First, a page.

I have a good feeling about this drama. Everyone is well-cast and the writers do a great job subverting cliches and twisting angsty moments into a punchline. Love that. I enjoyed this episode even more than Episode 1, which was already pretty jam-packed with hilarity.
SONG OF THE DAY
Lee Seung-gi – “꽃처럼” (Like a Flower) [ Download ]
EPISODE 2 RECAP
Mi-nyeo wakes up from her dream and finds herself, shockingly, asleep on the floor with the three other guys. Startled and overwhelmed, she tries to get her bearings and figure out what happened. She has no idea how she got back to the house, but her shirt is dirty and her lip has an injury.
Her split lip triggers a memory — she had fallen off the bench and the boys had rushed to break her fall. When she landed on top of one of them, her lips mashed with another set. But she can’t remember which set of lips!
She closes her eyes, trying to convince herself that this is a dream, and starts praying.
Jeremy comes out to scold Mi-nyeo and give her the stinkeye for her drunken behavior. From his disapproving attitude, Mi-nyeo assumes he’s the one she offended, and apologizes. Jeremy instructs her to apologize to the person she offended most: “hyung.”
This means it wasn’t Jeremy, so she approaches Shin-woo next. He’s sitting down for some morning tea and says he was shocked at last night’s unbelievable events. Mi-nyeo again apologizes profusely and begs him to consider her actions as being hit by a rock falling from the sky. (As in, unfortunate and random.)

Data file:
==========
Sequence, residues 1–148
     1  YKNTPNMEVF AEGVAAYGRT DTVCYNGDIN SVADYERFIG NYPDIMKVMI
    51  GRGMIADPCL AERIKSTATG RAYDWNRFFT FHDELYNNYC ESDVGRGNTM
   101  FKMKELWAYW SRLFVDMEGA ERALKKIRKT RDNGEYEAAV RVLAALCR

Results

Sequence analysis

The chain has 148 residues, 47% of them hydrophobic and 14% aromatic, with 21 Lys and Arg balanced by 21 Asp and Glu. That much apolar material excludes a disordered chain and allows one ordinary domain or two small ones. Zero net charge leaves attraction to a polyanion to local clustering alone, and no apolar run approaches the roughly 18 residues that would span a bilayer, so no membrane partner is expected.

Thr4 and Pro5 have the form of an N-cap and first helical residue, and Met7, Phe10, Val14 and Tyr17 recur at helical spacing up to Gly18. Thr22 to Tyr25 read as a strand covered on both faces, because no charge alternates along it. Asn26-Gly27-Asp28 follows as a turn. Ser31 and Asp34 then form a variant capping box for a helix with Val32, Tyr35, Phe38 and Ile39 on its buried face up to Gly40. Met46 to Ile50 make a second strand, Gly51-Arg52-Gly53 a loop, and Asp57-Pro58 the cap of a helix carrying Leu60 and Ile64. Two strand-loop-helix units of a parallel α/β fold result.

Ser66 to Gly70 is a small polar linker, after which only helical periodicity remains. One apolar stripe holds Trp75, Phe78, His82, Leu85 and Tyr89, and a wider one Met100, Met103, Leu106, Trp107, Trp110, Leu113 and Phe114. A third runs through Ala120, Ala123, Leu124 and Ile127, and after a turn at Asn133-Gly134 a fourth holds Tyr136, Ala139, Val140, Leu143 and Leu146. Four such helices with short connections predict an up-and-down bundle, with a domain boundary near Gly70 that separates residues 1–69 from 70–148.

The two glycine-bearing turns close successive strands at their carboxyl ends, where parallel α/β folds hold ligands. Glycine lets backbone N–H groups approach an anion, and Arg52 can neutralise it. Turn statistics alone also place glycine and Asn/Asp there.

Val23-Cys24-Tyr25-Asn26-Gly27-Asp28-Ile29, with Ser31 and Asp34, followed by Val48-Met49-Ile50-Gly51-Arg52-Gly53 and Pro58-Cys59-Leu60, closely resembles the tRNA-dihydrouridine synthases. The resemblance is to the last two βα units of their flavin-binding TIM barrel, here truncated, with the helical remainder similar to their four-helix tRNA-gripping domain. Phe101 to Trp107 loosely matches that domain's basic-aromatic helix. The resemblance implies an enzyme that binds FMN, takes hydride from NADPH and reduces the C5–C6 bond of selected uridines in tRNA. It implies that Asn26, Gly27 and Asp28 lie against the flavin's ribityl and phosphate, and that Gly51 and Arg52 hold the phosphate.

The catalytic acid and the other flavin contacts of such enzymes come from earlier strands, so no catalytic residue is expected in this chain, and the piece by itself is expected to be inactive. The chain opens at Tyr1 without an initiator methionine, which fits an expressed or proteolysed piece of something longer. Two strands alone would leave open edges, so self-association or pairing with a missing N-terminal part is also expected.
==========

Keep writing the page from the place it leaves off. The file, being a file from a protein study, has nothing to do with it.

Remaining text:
Hilariously, Jeremy sees her sitting with Shin-woo and yells, “Hey! I told you to go apologize, and you’re just sitting here drinking tea?!” Mi-nyeo answers, “But I am apologizing.”
They set her straight: it was Tae-kyung she violated. With this additional information, we return to the flashback, when she had fallen on top of Tae-kyung, mouth landing on his — but that’s not where the story ends. After she had landed, she had gagged… and vomited… right into his mouth.
(I’m not exaggerating when I say that I had to pause my video and laugh until my sides literally ached. This is exactly what I mean by the Hong sisters spinning cliches in clever ways. The “oops I fell and landed on your lips” is a familiar scenario, and I was sorta going to let it slide… but now it goes from an expected gag to clever twist.)
This also explains everyone’s horror — they’re not reacting in prissy shock because of a mere kiss. It’s an appropriate level of response, I think, to vomiting into someone’s mouth. The two guys advise her to patch things up with Tae-kyung — if he’ll let her, that is.